While Hindley and Heathcliff execute the two grandest schemes, other characters find equal satisfaction through smaller acts of vengeance. Catherine, for example, rebels against Hindley by becoming Heathcliff’s childhood co-conspirator, escaping with him to the nearby moors and contriving “some naughty plan of revenge” whenever they could (58). The most moving comeuppance, however, comes from young Cathy Linton, after she learns how Heathcliff has used her in his revenge against her father: “‘[Y]ou have nobody to love you; and, however miserable you make us, we shall still have the revenge of thinking that your cruelty arises from your greater misery’” (353). Even though Cathy’s anger is perpetuating the novel’s cycle of revenge, she still makes an excellent point: Despite all of Heathcliff’s maneuvers, he’ll never have Catherine’s love, the only thing he’s ever wanted.

Revenge as a Theme in V.E. Schwab’s Vicious (Fantasy / Superhero)

In V.E. Schwab’s Vicious, two college roommates, Victor and Eli, experiment with the idea that near-death experiences can give someone ExtraOrdinary abilities. Their shared obsession soon lands Victor in jail and Eli on a mission to rid the world of all super-powered people except himself. When Victor escapes from prison 10 years later, his actions and choices for allies set him and Eli on a collision course that’s fueled by – what else? – revenge.

Through flashbacks, readers learn that Eli turned in Victor to the police after Victor’s near-death experience results in, among other things, the accidental death of Eli’s girlfriend. Thus, the motivation for Victor’s revenge becomes clear, as well as the intensity of his desire. He rarely stops thinking about his target, even when trying to sleep (“… [W]hen he closed his eyes and searched for silence, a word rose up to meet him, a reminder of why he couldn’t afford to break, a challenge, a name. Eli.” [69]). He also views his accomplices (especially his fellow ExtraOrdinaries) as “weapons with minds and wills and bodies, things that could be bent and twisted and broken and used” (289). These and other instances in Vicious prove how the need for vengeance can border on obsession and erase a person’s humanity.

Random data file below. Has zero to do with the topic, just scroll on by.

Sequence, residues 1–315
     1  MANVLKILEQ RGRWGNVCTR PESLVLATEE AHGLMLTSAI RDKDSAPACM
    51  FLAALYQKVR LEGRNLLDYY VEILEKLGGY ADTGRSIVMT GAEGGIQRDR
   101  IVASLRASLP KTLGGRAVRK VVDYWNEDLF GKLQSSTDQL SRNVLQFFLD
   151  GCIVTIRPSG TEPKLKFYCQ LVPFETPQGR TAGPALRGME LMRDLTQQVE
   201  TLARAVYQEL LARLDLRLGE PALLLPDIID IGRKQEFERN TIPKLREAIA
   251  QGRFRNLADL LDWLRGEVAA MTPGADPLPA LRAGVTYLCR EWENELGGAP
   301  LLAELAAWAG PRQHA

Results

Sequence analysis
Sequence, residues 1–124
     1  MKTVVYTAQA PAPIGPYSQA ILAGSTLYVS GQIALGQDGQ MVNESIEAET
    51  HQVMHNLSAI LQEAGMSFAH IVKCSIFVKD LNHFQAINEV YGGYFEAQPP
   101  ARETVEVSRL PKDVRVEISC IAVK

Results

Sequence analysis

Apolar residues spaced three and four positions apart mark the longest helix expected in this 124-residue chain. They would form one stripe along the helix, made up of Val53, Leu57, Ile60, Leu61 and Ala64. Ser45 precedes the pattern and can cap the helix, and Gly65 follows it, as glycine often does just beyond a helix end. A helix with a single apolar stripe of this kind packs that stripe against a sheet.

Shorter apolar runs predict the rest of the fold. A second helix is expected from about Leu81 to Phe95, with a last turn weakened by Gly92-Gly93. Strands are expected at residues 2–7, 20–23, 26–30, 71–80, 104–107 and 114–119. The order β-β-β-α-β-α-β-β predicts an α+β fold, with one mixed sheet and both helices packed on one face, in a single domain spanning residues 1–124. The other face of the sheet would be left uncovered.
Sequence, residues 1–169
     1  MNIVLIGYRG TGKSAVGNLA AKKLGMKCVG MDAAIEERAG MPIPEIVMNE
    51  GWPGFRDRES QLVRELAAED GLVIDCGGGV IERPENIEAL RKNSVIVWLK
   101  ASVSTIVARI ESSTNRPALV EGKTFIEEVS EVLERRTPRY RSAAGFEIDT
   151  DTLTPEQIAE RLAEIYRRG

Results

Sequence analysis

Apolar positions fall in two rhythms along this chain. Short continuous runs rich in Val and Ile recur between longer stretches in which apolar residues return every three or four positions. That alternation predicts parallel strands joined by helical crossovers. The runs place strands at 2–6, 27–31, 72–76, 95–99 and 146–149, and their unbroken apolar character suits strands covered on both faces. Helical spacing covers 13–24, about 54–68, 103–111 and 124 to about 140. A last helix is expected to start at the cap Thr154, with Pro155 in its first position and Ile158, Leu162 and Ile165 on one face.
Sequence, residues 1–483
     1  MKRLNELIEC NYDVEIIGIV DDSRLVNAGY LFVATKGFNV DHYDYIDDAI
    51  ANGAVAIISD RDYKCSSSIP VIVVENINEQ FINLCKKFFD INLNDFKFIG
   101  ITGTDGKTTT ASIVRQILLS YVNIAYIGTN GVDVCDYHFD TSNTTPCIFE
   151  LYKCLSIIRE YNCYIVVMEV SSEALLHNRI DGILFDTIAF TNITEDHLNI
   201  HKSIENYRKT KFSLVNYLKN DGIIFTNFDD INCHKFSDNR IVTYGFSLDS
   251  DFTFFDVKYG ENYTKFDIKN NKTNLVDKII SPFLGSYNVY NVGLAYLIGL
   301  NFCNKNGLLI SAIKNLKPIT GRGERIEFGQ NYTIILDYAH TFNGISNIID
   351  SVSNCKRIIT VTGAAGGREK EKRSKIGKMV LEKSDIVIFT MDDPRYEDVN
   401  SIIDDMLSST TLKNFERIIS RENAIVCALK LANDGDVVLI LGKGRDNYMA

As for Eli, one could make the case that he avenged his girlfriend’s death by putting Victor in prison. But he also seeks a different kind of retribution as he hunts other ExtraOrdinaries. His falling-out with Victor convinces him that, apart from himself, ExtraOrdinaries are “an affront to nature, to God,” and that his rapid healing abilities are a sign that he is “stronger” than the others and must rid them from the world (220). Thus, Eli takes on what Victor later calls an “avenging angel” (353) role. Like the Biblical angels, Eli carries out what he perceives as divine justice through violence – in his case, by killing ExtraOrdinaries for the greater good.

Small acts of vengeance also punctuate the larger scheme in Vicious. Sydney, a teenage ExtraOrdinary, joins Victor’s cause after Eli almost kills her, and eventually finds herself hoping that Eli feels “sick” upon learning that she’s still alive (275) and says, “‘I hope Victor hurts him…. A lot’” (276). Victor also sees Sydney’s survival as a victory over Eli, explaining that her power of resurrecting the dead is valuable and that “‘[Eli’s] loss is my gain’” (225). Also, before his conflict with Eli, Victor enacts revenge against his neglectful parents, a pair of world-renowned spiritual teachers, by redacting lines of text from their self-help books for academic credit as well as for fun (14). All of this illustrates how seemingly insignificant moments can enhance the revenge theme – and how some characters develop their vengeful habits long before the story’s events take place.